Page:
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Macmillan Higher Education

A History of Science, Magic and Belief

From Medieval to Early Modern Europe

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Publisher:

Palgrave

Pages: 336
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AVAILABLE FORMATS

Paperback - 9781137029768

08 January 2015

$39.99

In stock

Ebook - 9781137029782

11 December 2014

$39.99

In stock


Hardcover - 9781137029775

08 January 2015

$99.00

In stock

A History of Science, Magic and Belief is an exploration of the origins of modern society through the culture of the middle ages and early modern period. By examining the intertwined paths of three different systems for...

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A History of Science, Magic and Belief is an exploration of the origins of modern society through the culture of the middle ages and early modern period. By examining the intertwined paths of three different systems for interpreting the world, it seeks to create a narrative which culminates in the birth of modernity. It looks at the tensions and boundaries between science and magic throughout the middle ages and how they were affected by elite efforts to rationalise society, often through religion. The witch-crazes of the sixteenth and seventeenth century are seen as a pivotal point, and the emergence from these into social peace is deemed possible due to the Scientific Revolution and the politics of the early modern state.

This book is unique in drawing together the histories of science, magic and religion. It is thus an ideal book for those studying any or all of these topics, and with its broad time frame, it is also suitable for students of the history of Europe or Western civilisation in general.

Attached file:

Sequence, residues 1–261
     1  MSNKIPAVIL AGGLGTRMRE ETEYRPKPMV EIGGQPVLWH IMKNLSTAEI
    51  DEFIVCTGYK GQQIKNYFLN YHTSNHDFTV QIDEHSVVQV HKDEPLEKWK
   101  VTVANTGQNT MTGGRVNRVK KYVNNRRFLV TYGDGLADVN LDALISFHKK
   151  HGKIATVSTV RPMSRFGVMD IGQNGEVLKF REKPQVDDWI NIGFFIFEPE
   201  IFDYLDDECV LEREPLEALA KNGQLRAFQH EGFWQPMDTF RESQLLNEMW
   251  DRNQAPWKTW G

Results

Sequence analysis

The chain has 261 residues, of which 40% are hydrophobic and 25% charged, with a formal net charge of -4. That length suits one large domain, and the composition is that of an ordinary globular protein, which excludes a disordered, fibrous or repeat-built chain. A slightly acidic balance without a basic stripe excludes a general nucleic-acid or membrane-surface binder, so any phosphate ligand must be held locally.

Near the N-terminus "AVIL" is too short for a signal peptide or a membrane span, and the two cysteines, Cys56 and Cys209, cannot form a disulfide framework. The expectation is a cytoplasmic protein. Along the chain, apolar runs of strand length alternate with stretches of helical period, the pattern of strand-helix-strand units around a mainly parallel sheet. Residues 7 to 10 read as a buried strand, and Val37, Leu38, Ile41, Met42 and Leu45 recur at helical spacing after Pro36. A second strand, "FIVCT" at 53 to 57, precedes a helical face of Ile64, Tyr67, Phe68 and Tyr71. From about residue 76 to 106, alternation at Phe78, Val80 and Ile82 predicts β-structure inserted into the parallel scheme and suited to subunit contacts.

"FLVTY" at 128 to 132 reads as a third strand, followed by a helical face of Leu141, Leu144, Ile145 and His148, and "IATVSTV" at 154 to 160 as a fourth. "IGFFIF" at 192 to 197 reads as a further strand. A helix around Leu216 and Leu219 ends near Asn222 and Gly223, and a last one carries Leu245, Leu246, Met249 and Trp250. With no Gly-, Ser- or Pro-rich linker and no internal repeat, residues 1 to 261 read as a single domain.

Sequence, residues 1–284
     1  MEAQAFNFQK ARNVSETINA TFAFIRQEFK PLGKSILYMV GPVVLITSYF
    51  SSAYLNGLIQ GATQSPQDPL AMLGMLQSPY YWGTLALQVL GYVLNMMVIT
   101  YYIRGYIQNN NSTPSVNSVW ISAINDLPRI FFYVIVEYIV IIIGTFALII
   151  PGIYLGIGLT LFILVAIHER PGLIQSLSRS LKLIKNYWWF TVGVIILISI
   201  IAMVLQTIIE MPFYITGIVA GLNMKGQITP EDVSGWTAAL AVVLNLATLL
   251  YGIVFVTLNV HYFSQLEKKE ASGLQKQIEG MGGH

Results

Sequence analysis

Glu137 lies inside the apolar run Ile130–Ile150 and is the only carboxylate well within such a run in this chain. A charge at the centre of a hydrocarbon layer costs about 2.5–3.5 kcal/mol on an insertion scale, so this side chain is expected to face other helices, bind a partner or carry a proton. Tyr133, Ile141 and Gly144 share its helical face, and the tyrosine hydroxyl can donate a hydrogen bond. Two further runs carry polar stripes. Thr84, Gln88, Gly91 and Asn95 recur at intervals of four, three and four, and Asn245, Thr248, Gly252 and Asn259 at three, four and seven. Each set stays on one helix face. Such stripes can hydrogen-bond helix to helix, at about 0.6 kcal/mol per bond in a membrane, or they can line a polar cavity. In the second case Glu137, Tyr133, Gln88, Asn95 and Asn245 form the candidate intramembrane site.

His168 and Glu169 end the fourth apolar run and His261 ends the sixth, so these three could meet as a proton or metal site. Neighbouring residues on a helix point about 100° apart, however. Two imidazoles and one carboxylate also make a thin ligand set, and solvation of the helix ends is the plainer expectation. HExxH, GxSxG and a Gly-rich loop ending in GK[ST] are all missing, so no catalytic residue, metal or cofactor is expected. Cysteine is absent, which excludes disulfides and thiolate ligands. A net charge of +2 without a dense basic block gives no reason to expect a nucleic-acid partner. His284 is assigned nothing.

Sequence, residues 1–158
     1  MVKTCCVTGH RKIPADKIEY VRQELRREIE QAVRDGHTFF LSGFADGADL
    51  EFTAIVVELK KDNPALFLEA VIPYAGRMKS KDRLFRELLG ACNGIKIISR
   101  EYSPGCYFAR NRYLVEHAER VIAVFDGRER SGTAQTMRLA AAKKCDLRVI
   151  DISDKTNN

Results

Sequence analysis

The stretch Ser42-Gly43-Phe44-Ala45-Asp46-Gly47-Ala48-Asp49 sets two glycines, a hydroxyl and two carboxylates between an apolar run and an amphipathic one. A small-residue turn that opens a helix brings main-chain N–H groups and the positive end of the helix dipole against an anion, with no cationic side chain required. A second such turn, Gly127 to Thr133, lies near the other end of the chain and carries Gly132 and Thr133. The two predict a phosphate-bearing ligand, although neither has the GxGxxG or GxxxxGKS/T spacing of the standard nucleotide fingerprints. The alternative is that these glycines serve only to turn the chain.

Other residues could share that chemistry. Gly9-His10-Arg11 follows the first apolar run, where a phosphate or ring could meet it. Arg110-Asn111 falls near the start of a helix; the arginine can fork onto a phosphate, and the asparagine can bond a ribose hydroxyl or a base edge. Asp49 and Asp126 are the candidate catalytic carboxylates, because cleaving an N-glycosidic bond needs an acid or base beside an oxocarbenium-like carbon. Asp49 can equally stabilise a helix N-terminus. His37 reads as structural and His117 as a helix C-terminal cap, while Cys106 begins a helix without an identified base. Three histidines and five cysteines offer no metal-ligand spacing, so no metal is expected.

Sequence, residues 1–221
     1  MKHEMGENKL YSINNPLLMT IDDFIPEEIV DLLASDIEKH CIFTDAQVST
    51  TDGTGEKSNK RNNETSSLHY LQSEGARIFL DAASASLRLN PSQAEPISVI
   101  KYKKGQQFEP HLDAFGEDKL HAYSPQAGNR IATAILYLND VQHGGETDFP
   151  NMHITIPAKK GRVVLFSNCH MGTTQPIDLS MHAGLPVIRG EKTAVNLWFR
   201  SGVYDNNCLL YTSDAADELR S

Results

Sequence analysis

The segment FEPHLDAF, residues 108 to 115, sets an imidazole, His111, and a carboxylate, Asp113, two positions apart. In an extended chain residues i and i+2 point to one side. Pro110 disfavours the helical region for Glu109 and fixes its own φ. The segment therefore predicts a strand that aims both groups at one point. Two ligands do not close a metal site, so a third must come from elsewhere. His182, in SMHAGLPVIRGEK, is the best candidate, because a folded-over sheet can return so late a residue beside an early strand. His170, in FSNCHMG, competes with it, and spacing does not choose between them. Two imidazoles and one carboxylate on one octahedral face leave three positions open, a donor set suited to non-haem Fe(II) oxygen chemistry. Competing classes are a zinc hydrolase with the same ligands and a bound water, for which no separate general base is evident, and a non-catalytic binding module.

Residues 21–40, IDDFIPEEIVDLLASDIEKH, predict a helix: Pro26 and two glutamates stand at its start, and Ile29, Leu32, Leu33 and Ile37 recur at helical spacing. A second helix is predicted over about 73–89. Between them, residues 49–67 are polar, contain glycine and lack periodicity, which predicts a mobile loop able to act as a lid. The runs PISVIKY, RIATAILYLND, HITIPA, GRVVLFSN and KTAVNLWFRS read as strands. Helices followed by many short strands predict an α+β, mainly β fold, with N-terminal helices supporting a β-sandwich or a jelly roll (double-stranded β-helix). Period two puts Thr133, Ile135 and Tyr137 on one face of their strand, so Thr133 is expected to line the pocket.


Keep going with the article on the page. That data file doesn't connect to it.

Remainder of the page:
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This is the first book to survey the three interwoven narratives of science, religion and magic?

Introduction
1. Superstition, Science and Magic, 200 BCE–1200 CE
2. Popular Belief and the Rationalization of Religion, 700–1300
3. Science, Magic and the Demonic, 1200–1400: The Catalyst
4. Science, Magic and the Demonic, 1200–1400: The Reaction
5. The Witchcraze and the Crisis of Early Modern Europe, 1400–1650
6. Desacralized Science and Social Control, 1500–1700
Conclusion
Notes
Index.
“Steven Marrone charts his own way through the vast literature in different fields of research. … Marrone’s book, which provides a good synoptic view, will be a suitable reader for classes; furthermore, it should be a precursor to more research in the field, especially into the transitions between science and magic in the early modern period.” (Frank Sobiech, Isis, Vol. 108 (3), September, 2017)“This is a wide-ranging book, which scholars and students alike will find useful. Steven P. Marrone examines the religious and scientific discourses that the modern world tends to separate, but which once flowed together in a single stream of knowledge and enquiry. … Marrone has read widely, uses vivid examples, tells a good story, and simplifies some complex ideas about medieval magic to make them intelligible to lay readers.” (Malcolm Gaskill, European History Quarterly, Vol. 46 (4), 2016)
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Steven P. Marrone is Professor of History at Tufts University, USA.

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Steven P. Marrone is Professor of History at Tufts University, USA.

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